One of Mattias’ most memorable Junior experiences was at the 2012 North American Young Rider Championships in Lexington, Kentucky, when his week got off to a bumpy start but ended with success.
An hour or so before Mattias and his teammates were scheduled to present their horses at the jog, they decided to hop in their golf cart and grab a bite to eat. “As we’re driving down the big hill from Rolex Stadium to the Alltech Arena, our steering wheel came loose; if you touched the brake the golf cart began swerving more and more. Finally, at full speed, the cart hits the curb, all five of us go flying out,” Mattias said. “We head back to the FEI jog, bloody, beaten, battered, and covered in road rash. Our chef d’equipe, Ralph Caristo, says, ‘What were you kids doing? You can’t stay out of trouble.’”
Thankfully, the rest of the week was uphill from there. “We ended up having a great week of showing, but what a way to kick it off. It was pretty dramatic,” he said. A great week they had indeed: Mattias and his team ended up winning team gold in the Young Rider Jumper Championship.
With time spent as working student and immersed in the show world since his early days of following David and Emmy around, Mattias was ready to turn professional shortly after his last Junior year. “I showed in the Amateurs for three months; after that I was ready to go professional and start helping the Beyaert clients,” he said.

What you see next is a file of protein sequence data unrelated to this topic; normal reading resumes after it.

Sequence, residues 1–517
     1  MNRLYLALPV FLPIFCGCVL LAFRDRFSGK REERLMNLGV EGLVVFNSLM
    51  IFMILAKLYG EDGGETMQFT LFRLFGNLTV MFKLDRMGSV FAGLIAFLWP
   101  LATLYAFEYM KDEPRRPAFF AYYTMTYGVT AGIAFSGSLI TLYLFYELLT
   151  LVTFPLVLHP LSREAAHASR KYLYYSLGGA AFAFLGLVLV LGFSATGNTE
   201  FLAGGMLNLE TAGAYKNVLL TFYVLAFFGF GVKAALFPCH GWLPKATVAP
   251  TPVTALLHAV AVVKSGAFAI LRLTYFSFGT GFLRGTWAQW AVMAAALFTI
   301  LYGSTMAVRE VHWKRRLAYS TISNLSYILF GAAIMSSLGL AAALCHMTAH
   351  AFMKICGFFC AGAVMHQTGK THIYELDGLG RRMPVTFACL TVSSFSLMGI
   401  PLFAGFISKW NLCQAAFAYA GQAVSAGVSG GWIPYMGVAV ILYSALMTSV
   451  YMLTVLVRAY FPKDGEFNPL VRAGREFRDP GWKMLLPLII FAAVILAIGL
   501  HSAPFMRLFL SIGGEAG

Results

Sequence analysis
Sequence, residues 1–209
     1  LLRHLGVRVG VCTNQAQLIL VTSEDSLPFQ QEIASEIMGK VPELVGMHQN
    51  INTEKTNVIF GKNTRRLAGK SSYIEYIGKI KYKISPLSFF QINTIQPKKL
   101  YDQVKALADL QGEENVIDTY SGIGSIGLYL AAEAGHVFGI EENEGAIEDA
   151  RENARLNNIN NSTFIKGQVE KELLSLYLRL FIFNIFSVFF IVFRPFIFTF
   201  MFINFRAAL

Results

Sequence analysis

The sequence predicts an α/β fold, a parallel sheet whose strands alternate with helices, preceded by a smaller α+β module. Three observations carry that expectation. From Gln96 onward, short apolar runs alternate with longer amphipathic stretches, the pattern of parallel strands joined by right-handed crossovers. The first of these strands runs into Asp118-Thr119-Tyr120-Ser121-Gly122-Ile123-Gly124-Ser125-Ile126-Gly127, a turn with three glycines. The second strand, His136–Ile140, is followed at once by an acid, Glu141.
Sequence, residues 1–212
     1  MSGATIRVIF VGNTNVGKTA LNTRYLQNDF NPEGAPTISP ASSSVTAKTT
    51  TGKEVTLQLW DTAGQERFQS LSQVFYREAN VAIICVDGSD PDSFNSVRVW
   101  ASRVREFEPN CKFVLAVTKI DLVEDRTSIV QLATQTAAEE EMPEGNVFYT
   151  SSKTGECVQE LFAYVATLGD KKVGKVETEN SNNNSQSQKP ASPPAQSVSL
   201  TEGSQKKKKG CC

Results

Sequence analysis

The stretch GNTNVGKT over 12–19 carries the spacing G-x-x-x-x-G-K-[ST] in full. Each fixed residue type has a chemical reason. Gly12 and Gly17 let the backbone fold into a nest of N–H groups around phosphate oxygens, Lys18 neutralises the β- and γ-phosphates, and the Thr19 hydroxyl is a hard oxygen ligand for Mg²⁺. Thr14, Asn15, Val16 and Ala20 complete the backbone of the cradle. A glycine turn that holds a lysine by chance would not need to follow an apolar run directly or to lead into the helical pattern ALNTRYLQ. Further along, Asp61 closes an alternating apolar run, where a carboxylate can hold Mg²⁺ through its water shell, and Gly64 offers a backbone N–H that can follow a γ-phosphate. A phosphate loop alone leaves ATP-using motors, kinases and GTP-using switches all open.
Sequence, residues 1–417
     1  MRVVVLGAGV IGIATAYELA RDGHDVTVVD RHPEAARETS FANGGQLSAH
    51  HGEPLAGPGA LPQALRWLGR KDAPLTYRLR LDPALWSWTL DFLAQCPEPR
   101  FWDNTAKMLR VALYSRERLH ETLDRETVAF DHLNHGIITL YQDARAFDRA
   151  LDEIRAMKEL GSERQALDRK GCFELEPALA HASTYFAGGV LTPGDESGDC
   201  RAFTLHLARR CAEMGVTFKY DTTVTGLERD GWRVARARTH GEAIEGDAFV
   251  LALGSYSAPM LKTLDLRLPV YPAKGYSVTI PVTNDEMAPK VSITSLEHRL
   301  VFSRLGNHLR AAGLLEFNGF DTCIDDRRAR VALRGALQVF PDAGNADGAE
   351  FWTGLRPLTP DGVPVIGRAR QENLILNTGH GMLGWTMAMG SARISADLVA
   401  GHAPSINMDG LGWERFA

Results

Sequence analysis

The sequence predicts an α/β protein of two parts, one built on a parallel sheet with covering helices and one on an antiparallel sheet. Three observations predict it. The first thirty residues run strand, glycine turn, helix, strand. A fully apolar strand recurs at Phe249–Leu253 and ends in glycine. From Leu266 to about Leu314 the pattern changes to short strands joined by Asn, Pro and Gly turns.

With Emmy already running the operation, Mattias once again followed her lead and joined the family business as a professional in 2014. By this time, Beyaert had transformed from the Tromp family boarding facility to a client-based business that included sales horses, client horses and riding customers.
Mattias’ favorite part of working with Emmy is knowing they’re always working in the same direction toward a common, mutually beneficial goal. “There’s no question of trust, working with your sister. I always know what her intentions are, so that level of trust we have is irreplaceable when it comes to our business,” he said.
Of course, working with family isn’t always rainbows and unicorns every day. “No matter what, your family can get on your nerves. They say you never fight harder than you do with your family, because you know they aren’t leaving, so you might say something to them you wouldn’t someone else,” Mattias explained. “Regardless, I wouldn’t pick anything over working with Emmy.”
Mattias credits Emmy for keeping the home fires burning while he and the Beyaert team travel to horse shows. “Emmy is our rock. She spends most of her time at home in North Salem, which gives us the ability to travel and not worry about our customers at home,” Mattias said. “Our clients aren’t left on the back burner until we return, they’re still working on their goals and taking lessons, and horses are receiving training with Emmy.”
In December 2020, Mattias and Emmy went from business partners to farm owners when they bought Beyaert from their parents. “Running a family business is difficult. When we were able to separate the business from the family a bit, it’s better for everyone,” Mattias said. “It also allowed Emmy and I to really make it our own thing.”